Amyloid Plaques Can Form In The Brain “Within Hours”

Amyloid plaques, found in the brains of Alzheimer’s sufferers, can form in as little as a few hours according to a recent American study published in the science journal Nature.

Researchers at the Massachusetts General Hospital Institute for Neuro-degenerative Disease analyzed the brains of mice bred to develop amyloid plaques using an advanced microscopic imaging technique known as “multiphoton laser confocal microscopy” in order to view the formation of the plaques and the subsequent damage as it occurred in the brains of the mice.

“We’ve had snapshots of individual steps in the past. This microscopic technology gives us the ability to watch the process from beginning to end, to see the variety of things that happen as inflammatory cells get activated,” said research leader Dr. Bradley Hayman.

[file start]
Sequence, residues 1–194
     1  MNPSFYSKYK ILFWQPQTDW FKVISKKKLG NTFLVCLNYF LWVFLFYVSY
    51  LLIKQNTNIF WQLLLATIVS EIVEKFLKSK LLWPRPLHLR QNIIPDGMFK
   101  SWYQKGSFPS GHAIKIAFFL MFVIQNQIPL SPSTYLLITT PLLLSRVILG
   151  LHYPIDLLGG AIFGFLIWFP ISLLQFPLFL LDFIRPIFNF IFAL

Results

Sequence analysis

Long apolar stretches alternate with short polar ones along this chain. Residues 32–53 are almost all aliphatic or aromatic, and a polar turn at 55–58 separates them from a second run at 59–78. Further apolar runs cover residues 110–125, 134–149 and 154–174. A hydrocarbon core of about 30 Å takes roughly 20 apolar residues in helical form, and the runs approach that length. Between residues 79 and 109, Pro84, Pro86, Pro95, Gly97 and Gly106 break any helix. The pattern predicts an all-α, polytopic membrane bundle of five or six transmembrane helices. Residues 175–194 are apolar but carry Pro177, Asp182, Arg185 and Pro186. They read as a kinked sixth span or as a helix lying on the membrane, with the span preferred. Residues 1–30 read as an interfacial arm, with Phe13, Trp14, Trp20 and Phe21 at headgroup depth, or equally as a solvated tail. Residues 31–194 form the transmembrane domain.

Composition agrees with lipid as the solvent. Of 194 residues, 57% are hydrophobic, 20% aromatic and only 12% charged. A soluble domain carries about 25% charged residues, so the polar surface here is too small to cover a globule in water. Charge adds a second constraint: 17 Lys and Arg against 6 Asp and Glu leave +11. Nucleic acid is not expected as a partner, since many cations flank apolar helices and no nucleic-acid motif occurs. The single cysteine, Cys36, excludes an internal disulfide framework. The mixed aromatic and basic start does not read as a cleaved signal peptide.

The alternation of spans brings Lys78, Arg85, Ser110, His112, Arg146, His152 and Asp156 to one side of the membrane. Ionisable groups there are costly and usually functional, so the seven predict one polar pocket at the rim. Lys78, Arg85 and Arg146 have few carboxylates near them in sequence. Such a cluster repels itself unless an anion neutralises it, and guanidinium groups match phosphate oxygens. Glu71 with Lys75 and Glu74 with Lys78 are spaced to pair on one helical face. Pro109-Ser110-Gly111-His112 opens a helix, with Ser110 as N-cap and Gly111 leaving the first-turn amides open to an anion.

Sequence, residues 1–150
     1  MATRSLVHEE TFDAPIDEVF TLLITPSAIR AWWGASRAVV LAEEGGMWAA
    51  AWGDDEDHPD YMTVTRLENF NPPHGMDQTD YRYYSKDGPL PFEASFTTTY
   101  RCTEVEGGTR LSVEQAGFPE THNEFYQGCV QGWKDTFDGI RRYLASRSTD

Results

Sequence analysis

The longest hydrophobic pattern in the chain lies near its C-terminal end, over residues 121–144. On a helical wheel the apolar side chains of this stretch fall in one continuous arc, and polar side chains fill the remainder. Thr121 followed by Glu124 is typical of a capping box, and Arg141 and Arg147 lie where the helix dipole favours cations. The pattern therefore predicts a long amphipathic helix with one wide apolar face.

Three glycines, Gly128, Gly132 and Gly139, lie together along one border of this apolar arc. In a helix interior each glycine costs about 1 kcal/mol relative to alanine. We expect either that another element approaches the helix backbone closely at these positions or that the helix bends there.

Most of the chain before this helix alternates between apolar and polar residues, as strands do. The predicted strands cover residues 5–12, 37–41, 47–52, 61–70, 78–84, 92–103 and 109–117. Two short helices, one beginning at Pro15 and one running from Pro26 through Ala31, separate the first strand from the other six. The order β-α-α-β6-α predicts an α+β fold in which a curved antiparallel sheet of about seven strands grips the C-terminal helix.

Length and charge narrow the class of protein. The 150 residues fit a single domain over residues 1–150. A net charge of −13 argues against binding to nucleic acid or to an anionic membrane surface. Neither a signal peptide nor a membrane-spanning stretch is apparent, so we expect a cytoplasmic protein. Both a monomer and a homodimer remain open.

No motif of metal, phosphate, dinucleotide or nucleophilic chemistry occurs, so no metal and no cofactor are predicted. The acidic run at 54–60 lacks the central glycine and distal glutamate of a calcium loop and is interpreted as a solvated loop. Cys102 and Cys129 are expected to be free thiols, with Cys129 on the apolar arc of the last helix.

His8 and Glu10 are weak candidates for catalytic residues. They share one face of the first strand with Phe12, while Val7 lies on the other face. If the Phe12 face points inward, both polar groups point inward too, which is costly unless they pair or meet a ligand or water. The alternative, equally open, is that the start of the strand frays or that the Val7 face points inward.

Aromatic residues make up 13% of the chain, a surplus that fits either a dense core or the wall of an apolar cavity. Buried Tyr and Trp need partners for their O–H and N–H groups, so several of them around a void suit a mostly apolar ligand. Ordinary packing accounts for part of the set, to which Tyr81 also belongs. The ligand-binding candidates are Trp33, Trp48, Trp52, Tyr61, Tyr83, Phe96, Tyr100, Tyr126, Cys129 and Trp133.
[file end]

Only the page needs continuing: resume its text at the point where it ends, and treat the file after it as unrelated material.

The researchers found that while the formation of these plaques was a relatively rare event, once plaque formation is initiated, the process was a rapid one with large plaques being observed in mice just one day after a scan showing no plaque formation. Furthermore, the researchers found that neuron cell damage due to plaque formation begins to appear within days of plaque formation.

The study also helps shed light on the way Alzheimer’s disease develops in the brain. Previously it had been unknown whether protein plaques were a symptom or a cause of neuron cell damage in the brain. It now appears that the amyloid protein plaques are the primary cause of the brain cell damage rather than being a symptom of the disease.

In a healthy brain, fragments of amyloid protein known as beta-amyloid form naturally in the brain but are broken down and eliminated by brain cells. In Alzheimer’s disease however, it appears the bodies natural defense mechanisms begin to slow down and become overwhelmed by the protein fragments which start to accumulate between neurons in the brain.